Having good sleep is as important as having food and water. A bad sleep leads to irritation, laziness and other annoying things. An irritating and annoying personality is definitely not good for social and personal relationships. Sound sleep is also important for our health and improves our work efficiency and productivity. Is it true that having a good night sleep can affect our relationships as well ? Let’s find out.
Sleep helps us avoid loneliness
Loneliness and sleep seems like not so related. However, studies points towards something else. Researchers compared people having good sleep and those who were sleep deprived. It was found that the latter was highly socially repulsive than the first one.
This shows that lack of sleep leads to irritation and socially repulsive behavior. People feel lonelier inside that also results in less social interaction.
Sleep helps us to resonate with others feeling
A good sleep helps to stabilize your mind gives you the sensibility to connect or resonate with the feeling of others but lack of sleep make our brain incapable to react to emotional sentiments.
Study found that people having less sleep are less involved in figuring out the different feeling of emotions shown to them. By recording the brain activity they found that person having good sleep are more empathetic towards people’s emotion.
Sleep helps us to have better self control
It is found that lack of sleep makes you feel very aggressive and angry on little things and you get annoyed easily whereas if you had a good sleep you will notice a great change in your behavior in terms of anger and aggressiveness.
Researches show that person having poor sleep are more violent and aggressive and that means your anger is out of control and that may ruin your relationship. Having good sleep allows you to have better self control on your feelings.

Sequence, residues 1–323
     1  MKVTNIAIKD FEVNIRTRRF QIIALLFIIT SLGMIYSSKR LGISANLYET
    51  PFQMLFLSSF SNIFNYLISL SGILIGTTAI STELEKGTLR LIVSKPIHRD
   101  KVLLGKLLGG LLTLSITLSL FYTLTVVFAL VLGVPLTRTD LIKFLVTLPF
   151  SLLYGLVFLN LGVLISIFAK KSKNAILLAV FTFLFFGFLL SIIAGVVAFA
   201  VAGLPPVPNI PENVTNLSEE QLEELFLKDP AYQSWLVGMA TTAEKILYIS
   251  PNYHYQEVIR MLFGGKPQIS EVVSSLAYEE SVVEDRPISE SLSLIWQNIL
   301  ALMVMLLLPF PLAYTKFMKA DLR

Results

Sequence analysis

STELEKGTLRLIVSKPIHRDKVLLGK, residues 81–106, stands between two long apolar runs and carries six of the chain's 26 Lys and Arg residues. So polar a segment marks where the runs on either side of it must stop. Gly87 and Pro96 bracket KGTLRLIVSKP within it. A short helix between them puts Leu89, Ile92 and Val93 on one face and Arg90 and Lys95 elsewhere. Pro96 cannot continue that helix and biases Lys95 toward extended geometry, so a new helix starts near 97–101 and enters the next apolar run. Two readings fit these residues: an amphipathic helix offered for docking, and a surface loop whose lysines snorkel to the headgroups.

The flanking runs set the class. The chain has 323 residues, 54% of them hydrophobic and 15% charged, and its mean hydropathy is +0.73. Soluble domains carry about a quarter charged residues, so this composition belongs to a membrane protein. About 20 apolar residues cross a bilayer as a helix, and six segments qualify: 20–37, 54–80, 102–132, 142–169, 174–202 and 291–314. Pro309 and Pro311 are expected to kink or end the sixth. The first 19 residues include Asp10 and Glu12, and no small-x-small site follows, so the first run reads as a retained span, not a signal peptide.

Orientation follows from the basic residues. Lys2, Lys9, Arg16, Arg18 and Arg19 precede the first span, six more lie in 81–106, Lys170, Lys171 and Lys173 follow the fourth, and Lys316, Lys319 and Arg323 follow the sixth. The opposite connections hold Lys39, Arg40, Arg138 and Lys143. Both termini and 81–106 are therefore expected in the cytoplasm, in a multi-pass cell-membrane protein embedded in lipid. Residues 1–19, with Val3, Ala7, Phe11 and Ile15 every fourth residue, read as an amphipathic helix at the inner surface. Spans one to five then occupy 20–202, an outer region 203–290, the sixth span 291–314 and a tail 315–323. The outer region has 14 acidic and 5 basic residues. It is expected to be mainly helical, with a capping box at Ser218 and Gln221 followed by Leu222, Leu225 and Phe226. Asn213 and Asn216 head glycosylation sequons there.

Sleep and social relationships
Sleep and social activity are inter-related; it means it’s not always necessary that poor sleep leads to a good social interaction but sometimes bad social relationship leads to stress which results in poor sleep. Our sleep is likely to be disturbed if certain things with social structure are not going well according to us and that means it’s a cyclic process which need to be balanced. So it is great compulsion to have regular sleep for some good amount of time in order to remain active.
Research Sources :
- Alhola P, et al. (2007). Sleep deprivation: Impact on cognitive performance.
- Chang LY, et al. (2017). The role of sleep problems in the relationship between peer victimization and antisocial behavior: A five-year longitudinal study.
- DeSteno D, et al. (2004). Prejudice from thin air: The effect of emotion on automatic intergroup attitudes. DOI:
- Ghumman S, et al. (2013). Sleep and prejudice: A resource recovery approach. DOI:
- Gilbert LB, et al. (2015). Sleep problems exacerbate the emotional consequences of interpersonal rejection. DOI:
- Gordon AM, et al. (2013). The role of sleep in interpersonal conflict: Do sleepless nights mean worse fights? DOI:
- Gordon AM, et al. (2017). The social side of sleep: Elucidating the links between sleep and social processes.
- Guadagni V, et al. (2018). Sleep quality and its association with the insular cortex in emotional empathy.
- Kahn-Greene ET, et al. (2006). Sleep deprivation adversely affects interpersonal responses to frustration. DOI:
- Kamphuis J, et al. (2012). Poor sleep as a potential causal factor in aggression and violence.
- Keller PS, et al. (2014). Sleep deprivation and dating aggression perpetration in female college students: The moderating roles of trait aggression, victimization by partner, and alcohol use. DOI:
- Krizan Z, et al. (2015). Sleep disruption and aggression: Implications for violence and its prevention. DOI:
- Krizan Z, et al. (2018). Sleepy anger: Restricted sleep amplifies angry feelings.
- Mauss IB, et al. (2013). Poorer sleep quality is associated with lower emotion-regulation ability in a laboratory paradigm.
- Miklikowska M. (2018). Empathy trumps prejudice: The longitudinal relation between empathy and anti-immigrant attitudes in adolescence.
- Pettigrew TF, et al. (2008). How does intergroup contact reduce prejudice? Meta‐analytic tests of three mediators. DOI:
- Simon EB, et al. (2018). Sleep loss causes social withdrawal and loneliness.
- van der Helm E, et al. (2010). Sleep deprivation impairs the accurate recognition of human emotions.
- Yoo S-S, et al. (2007). The human emotional brain without sleep — a prefrontal amygdala disconnect. DOI: